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[1] Some of the prominent Social Justice scholars would include: Judith Butler, Ibrahim X. Kindi, Kimberle Crenshaw, Paulo Freire, Henry Giroux, Sophie Lewis, Richard Delgado, Jean Stefancic, Angela Davis, Robin DeAngelo, Patrica Hill Collins.

[2] “Abolition [Aufhebung] of the family! Even the most radical flare up at this infamous proposal of the Communists…The bourgeois family will vanish as a matter of course when its complement vanishes, and both will vanish with the vanishing of capital….The bourgeois clap-trap about the family and education, about the hallowed co-relation of parents and child, becomes all the more disgusting…” Hardly a positive view of the family! This is straight out of Marx and Engels’ Communist Manifesto.

[3] “Socialism is precisely the religion that must overwhelm Christianity. … In the new order, Socialism will triumph by first capturing the culture via infiltration of schools, universities, churches and the media by transforming the consciousness of society.” ‘Audacia e Fide’ in Avanti!; reprinted in Sotto la Mole (1916-1920), p. 148. This statement substantiate the anti-Christian commitment of Marxism and also lays out the strategy of taking over society by infiltration and capturing of the key institution which shape society.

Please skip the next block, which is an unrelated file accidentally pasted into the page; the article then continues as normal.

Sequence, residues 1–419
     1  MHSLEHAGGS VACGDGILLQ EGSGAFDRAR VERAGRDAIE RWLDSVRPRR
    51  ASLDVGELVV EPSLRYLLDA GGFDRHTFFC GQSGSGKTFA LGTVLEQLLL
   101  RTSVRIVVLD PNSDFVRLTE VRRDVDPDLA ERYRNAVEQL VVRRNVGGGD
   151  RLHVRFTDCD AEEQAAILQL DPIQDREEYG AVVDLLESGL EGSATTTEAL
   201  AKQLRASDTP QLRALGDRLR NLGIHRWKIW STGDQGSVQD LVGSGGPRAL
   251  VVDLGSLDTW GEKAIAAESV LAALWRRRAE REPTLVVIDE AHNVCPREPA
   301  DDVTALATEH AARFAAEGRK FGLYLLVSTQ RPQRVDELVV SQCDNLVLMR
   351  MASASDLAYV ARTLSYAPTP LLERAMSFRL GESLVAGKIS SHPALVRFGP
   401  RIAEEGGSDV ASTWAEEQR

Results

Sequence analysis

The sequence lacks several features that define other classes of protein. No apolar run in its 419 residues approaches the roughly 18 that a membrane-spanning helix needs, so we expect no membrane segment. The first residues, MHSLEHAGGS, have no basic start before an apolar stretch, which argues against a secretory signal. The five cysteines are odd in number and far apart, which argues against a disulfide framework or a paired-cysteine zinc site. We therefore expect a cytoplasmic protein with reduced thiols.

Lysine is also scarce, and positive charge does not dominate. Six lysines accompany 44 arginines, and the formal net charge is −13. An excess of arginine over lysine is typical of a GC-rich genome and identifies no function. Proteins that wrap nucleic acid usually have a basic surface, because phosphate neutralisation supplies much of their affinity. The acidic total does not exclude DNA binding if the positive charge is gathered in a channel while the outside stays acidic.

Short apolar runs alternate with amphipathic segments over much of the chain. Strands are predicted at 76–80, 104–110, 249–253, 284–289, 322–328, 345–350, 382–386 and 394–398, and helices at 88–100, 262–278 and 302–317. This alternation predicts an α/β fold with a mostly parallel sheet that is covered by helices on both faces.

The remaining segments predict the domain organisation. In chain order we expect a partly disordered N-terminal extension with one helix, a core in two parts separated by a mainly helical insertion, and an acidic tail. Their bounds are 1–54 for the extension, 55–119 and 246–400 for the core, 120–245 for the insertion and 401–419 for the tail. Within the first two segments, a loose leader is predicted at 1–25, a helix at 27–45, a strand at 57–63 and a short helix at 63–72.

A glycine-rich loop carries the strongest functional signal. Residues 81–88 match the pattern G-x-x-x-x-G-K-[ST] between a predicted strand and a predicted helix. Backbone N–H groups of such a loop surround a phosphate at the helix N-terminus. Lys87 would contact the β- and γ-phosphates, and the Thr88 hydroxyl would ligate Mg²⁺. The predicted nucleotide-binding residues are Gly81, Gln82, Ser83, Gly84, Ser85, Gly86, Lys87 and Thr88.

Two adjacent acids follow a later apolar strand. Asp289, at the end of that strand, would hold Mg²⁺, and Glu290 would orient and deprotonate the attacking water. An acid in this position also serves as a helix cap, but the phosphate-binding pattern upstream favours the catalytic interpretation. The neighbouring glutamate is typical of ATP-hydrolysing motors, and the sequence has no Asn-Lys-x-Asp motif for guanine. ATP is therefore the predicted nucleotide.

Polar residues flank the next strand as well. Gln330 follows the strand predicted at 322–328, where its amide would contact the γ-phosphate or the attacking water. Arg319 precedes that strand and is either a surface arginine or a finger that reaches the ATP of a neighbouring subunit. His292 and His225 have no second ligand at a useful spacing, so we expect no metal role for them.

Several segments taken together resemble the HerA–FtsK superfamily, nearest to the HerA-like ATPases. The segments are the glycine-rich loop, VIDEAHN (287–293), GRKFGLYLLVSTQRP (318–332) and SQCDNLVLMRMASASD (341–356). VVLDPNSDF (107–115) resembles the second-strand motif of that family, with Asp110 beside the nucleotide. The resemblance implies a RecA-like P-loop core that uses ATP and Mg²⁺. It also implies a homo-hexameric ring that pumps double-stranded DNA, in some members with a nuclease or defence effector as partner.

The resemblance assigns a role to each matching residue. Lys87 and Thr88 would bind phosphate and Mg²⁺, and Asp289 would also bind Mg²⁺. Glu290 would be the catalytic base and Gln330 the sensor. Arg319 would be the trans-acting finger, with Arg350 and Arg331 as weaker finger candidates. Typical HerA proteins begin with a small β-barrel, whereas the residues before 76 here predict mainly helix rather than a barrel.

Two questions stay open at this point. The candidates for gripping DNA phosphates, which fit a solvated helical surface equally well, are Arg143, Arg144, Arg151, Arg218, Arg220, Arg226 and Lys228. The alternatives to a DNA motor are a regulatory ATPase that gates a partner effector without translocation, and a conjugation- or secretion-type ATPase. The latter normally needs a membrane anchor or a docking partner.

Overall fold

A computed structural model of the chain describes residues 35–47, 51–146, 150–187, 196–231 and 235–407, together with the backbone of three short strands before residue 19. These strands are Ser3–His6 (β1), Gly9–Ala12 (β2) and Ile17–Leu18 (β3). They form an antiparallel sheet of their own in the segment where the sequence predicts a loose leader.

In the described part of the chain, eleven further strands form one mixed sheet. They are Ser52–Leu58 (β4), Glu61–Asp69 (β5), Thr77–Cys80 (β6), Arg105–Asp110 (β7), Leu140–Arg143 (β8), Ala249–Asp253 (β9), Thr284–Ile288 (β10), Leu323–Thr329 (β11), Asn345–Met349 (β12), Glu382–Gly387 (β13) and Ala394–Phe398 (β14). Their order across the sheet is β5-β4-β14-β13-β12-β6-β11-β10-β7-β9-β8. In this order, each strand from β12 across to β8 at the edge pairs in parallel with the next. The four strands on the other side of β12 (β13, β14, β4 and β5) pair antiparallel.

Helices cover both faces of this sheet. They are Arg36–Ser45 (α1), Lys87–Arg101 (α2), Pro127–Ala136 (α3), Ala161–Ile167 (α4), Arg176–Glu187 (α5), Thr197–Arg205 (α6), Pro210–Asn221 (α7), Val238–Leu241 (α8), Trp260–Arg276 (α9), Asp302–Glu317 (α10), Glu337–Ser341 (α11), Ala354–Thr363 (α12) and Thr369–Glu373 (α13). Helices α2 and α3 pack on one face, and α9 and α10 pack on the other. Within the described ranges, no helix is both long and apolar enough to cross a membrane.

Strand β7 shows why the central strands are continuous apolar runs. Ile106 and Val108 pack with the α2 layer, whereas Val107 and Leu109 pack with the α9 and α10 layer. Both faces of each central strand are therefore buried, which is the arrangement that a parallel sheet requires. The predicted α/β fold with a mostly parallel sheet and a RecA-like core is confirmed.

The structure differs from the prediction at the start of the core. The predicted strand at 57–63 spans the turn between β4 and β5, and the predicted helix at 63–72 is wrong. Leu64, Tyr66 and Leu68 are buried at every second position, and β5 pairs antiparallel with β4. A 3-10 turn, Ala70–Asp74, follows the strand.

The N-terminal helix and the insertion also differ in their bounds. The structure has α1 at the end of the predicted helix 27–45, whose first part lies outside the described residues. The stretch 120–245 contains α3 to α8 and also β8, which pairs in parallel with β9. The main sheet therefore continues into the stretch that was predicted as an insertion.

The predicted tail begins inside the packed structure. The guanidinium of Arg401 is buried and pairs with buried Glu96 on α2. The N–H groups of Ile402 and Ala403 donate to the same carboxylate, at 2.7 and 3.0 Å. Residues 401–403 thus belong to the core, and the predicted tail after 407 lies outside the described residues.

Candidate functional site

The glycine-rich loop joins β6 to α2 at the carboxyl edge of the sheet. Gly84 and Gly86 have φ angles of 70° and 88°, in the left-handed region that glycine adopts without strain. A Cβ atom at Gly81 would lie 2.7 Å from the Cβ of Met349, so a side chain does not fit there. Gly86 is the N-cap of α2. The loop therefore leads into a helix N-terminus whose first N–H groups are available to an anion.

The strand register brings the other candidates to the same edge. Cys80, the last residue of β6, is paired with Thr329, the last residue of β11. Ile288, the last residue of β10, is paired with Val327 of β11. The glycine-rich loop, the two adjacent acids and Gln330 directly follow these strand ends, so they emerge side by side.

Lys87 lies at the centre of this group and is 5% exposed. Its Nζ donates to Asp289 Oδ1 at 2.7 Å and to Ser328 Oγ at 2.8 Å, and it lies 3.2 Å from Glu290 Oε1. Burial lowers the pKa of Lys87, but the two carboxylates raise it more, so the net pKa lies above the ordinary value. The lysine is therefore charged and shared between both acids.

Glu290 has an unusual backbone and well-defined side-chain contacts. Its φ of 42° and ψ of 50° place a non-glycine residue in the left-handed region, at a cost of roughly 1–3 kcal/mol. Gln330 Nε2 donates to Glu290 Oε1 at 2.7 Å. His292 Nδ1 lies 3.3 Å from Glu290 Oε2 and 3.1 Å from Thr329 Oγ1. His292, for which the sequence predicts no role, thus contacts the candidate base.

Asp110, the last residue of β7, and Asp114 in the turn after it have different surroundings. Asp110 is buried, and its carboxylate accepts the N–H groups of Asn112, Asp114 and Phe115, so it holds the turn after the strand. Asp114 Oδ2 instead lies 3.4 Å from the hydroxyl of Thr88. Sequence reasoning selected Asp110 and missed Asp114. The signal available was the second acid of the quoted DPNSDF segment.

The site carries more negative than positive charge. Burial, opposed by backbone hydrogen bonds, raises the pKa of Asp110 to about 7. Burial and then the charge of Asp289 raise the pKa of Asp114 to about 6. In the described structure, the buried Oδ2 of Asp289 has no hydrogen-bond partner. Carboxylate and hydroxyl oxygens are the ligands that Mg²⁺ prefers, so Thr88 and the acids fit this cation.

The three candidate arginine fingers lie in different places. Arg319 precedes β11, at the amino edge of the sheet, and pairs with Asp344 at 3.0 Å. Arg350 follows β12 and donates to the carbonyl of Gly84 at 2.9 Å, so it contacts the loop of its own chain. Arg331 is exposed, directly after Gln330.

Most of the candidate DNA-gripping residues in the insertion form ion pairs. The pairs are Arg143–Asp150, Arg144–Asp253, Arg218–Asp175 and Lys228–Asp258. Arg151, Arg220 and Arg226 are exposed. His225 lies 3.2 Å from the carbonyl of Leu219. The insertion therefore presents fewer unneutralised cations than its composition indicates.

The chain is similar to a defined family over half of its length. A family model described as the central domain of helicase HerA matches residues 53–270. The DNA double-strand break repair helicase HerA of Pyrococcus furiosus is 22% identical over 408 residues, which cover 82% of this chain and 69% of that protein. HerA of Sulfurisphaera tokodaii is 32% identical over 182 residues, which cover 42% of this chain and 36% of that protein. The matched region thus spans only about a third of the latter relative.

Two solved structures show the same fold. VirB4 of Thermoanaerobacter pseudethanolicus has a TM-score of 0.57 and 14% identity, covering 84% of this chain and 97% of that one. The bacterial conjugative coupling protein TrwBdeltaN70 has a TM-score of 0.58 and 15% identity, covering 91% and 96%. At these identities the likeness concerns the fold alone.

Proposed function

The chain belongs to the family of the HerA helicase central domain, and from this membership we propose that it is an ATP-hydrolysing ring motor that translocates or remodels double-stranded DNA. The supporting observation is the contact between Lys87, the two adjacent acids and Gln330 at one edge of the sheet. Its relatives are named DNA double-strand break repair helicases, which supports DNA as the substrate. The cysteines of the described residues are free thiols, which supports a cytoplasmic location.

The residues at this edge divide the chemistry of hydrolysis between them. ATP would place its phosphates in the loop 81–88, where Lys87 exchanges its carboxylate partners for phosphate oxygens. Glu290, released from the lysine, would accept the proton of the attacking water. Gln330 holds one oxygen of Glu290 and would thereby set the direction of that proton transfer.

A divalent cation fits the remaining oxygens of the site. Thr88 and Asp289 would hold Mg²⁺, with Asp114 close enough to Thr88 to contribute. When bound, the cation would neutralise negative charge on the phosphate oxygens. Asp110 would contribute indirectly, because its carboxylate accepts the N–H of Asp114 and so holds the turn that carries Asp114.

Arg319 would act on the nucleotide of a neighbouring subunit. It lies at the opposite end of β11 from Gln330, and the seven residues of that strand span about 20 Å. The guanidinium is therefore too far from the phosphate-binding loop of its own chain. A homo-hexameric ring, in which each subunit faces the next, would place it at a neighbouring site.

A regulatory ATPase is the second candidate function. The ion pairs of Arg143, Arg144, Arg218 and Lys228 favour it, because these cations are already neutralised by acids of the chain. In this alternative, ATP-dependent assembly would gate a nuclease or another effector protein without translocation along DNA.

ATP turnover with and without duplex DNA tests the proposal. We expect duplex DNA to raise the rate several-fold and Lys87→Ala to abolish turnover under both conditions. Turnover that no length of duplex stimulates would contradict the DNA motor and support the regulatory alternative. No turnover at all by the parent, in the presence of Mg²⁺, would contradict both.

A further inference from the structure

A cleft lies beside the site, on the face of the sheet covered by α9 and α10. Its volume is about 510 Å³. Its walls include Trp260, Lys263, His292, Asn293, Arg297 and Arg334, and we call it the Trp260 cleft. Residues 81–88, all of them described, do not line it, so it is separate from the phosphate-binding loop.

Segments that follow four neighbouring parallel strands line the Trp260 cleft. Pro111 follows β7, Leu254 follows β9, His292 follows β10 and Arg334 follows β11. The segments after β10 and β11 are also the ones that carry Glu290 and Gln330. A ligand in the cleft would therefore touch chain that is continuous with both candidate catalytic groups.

[4] This is clear in policy documents and curricula in many Universities in SA. Here is one example: https://www.nwu.ac.za/sites/www.nwu.ac.za/files/files/corporate/2018.Report.Decolonisation_of_University_Education_Declaration.pdf Central to this document is the call for Social Justice. Of course the question is Social Justice as understood through which philosophical framework? More examples can be given. Consider example the publication from Stellenbosch University titled: Queer Activism in South African Education: Disrupting Cis(hetero)normativity in schools. Or at UCT the program: Beyond the Binary. “Beyond the Binary: As part of UCT Global Citizenship Programme’s Activation Week, Wandile Dhlamini staged an exhibition, #BeyondTheBinary, which encourages viewers to broaden their perspective on what gender is, breaking down the problematic assumption that it is defined solely in terms of a binary. Its aim is to create a more inclusive campus in which every one of every gender feels validated and acknowledged.”

[5]This line of thinking has continued from the time of Marx until today.  Shulamith Firestone’s The Dialectic of Sex and Sophie Lewis Lewis’ book Abolish the Family: A Manifesto for Care and Liberation lay out the history and the demand clear call for the abolition of tradition/nuclear family. The former published in 1970 and the latter in 2022.

Date published: 03/11/2023
Feature image: Image for illustrative purposes only. Artwork adapted from www.rawpixel.com
SIMON BRACENational Director of Ratio Christi South Africa and the Chapter Director at the North West University in Potchefstroom. Email simonbrace@ratiochristi.co.za